“The comfort, the luxury, the amenities—these are all givens,” says the Turkish-born Kasikci, who hired six of his top former Peninsula lieutenants, including the chef concierge and the man who keeps limousine traffic flowing in the forecourt—a job so important in a Beverly Hills hotel he heads his own department and is part of senior management. “Service,” Kasikci adds, “is the only area where we have to prove ourselves.”
Montage guests “own” their rooms for 24 hours; the industry norm is 19 to 21 hours. The hotel also offers flexible round-the-clock check-in and checkout, a practice Kasikci is widely credited with introducing in the mid-90’s. (One of the things that makes this possible is switching out the regular fleet of Windsor Sensor S12 commercial upright vacuum cleaners for ProTeam’s quieter Super Coach Back Pack models when cleaning rooms in the small hours.) Kasikci wants you to start living the Montage dream even before you arrive, booking the transfer from your departure city through the hotel ($136 from Manhattan to JFK in a Lincoln Town Car) and using an airport expediter who takes charge of your luggage, checks you in, and has relationships with gate agents that allow you to speed through boarding ($85). The driver and expediter are well steeped in Montage “mores,” if not quite as steeped as full-fledged employees who have attended the hotel’s orientation program, where the difference between listening “actively,” “empathetically,” and “selfishly” is drilled into them, and which ends in an excruciating got-to-be-me moment of freestyle dancing with fellow trainees. The two big words attached to Montage service culture are gracious and humble. I like the gracious, but a lot of the personnel interpret humble as “fawning.” On the other hand, a lot of people are into being fawned over.
If the hotel’s menu of enhancements seems out of sync with the abstemious times we’re supposed to be living in, they’re not anything it would occur to the average Montage customer to refuse, and frankly they’re not going to break that customer’s bank. In what Kasikci says is a first, on the arrival end you can be met at the airport by two greeters in separate vehicles, one to take you to the hotel ($142), the other to stay behind and retrieve your bags ($85). This saves time and eliminates those painful moments of small talk around the luggage carousel when the chauffeur and retriever are the same person. Forty of the 55 suites are billed as being packaged with a complimentary Mercedes-Benz (but not a driver). For a $1,200 corner unit, which comes with a CLK350, that’s a value of $349 per day. (Of course, to pocket the value, you have to want a car in the first place, and you have to snag it: there’s only one for 16 suites.) Instead of a taxi, Kasikci hopes you’ll consider one of his manned Hyundai Genesis sedans. A Beverly Hills cab would cost the same, he says, but they’re famously not so nice—and Montage wouldn’t be controlling the experience.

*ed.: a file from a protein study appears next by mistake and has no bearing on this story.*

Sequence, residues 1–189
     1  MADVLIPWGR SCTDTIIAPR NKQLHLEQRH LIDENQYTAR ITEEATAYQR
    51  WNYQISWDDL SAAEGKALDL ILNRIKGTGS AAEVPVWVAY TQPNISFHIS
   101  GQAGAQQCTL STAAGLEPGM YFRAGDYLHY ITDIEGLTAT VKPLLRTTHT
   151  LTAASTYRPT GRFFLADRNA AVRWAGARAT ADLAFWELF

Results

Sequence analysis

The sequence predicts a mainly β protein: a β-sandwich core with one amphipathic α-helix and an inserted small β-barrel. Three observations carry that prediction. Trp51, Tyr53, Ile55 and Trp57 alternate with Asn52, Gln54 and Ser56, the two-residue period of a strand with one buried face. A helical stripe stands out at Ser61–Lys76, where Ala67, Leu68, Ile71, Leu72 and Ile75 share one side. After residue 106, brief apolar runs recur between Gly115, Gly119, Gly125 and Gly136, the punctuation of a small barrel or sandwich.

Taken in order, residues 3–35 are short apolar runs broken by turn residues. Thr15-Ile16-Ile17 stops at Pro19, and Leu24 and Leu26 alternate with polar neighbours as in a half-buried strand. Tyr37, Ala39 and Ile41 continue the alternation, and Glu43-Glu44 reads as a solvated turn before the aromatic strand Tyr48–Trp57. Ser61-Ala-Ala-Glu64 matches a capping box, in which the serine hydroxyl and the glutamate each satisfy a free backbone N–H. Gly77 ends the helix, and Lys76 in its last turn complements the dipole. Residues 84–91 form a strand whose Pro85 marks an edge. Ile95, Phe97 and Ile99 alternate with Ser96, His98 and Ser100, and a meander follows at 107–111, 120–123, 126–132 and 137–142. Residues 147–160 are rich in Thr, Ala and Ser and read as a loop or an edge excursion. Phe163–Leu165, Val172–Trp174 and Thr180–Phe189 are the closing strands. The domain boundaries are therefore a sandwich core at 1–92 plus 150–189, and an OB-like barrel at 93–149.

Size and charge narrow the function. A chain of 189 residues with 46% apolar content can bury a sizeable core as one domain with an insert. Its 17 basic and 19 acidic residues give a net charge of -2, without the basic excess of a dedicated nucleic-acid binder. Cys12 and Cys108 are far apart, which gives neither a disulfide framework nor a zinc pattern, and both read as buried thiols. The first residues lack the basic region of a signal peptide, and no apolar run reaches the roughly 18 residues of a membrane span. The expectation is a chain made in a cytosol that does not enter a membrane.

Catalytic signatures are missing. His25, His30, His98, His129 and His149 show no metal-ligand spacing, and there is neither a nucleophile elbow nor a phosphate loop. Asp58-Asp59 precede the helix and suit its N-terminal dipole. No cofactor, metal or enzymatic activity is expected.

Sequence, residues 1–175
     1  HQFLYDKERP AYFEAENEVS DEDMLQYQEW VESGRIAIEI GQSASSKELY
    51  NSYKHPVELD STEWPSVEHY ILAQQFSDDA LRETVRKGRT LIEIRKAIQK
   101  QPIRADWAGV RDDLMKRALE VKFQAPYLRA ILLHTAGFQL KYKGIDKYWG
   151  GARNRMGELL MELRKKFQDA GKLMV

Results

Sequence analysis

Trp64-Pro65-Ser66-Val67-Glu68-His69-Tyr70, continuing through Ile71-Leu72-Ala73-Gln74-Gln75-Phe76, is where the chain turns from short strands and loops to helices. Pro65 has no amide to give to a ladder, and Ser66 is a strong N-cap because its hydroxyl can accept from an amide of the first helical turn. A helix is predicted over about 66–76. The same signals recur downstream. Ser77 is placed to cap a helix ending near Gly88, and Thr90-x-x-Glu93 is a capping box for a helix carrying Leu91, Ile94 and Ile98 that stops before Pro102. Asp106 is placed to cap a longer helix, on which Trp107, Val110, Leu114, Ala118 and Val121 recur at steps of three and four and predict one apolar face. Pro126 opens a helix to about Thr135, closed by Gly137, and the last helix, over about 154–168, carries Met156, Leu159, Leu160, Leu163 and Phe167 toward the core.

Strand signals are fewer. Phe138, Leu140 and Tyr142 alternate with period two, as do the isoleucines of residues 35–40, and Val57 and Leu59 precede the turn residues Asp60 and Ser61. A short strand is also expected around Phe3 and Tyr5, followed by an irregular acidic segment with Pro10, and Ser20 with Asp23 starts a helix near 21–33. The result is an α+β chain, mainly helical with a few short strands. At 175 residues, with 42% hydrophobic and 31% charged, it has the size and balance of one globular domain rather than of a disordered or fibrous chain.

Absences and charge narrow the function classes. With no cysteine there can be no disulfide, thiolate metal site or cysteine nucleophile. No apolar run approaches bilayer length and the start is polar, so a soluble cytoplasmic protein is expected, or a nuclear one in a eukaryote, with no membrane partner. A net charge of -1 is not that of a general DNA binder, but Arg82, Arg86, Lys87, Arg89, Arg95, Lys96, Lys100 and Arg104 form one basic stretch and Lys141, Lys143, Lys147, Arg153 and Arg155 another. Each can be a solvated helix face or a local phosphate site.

The competition is doing its best to appear neither too threatened nor too confident. “Sure Montage makes everything more challenging—it’s a wonderful brand,” says Alberto del Hoyo, general manager of the Beverly Hills hotel. “The problem for the company is that people aren’t aware of it—it’s unknown.”
“Given the ultratraditional look Montage has chosen, it probably can’t aspire to trendiness,” says Radha Arora, general manager of the Beverly Wilshire. “My guess is that it will steal clients from each of the hotels—we all have 10 percent of our business that’s up for grabs. But it remains to be seen if the Big Six will become the Big Seven.”
Kasikci would argue that with services like John Lobb–certified shoeshines (the Connaught in London is the only other hotel in the world that provides them), Montage is already in the club. Glazing and refurbishing, which takes 30 minutes—twice as long as the standard complimentary shine—is $15. Guest relations manager John Macbeth underwent 22 hours of training at Lobb in New York, in turn training his staff.
Offer Nissenbaum, who took Kasikci’s place at the Peninsula, says Montage does not have to wait for any jury: it’s an instant player. “The hotel will definitely give Beverly Hills a boost as a destination,” Nissenbaum says. “I haven’t seen every nook and cranny, but it’s a very good product. Now it has to develop its own DNA.”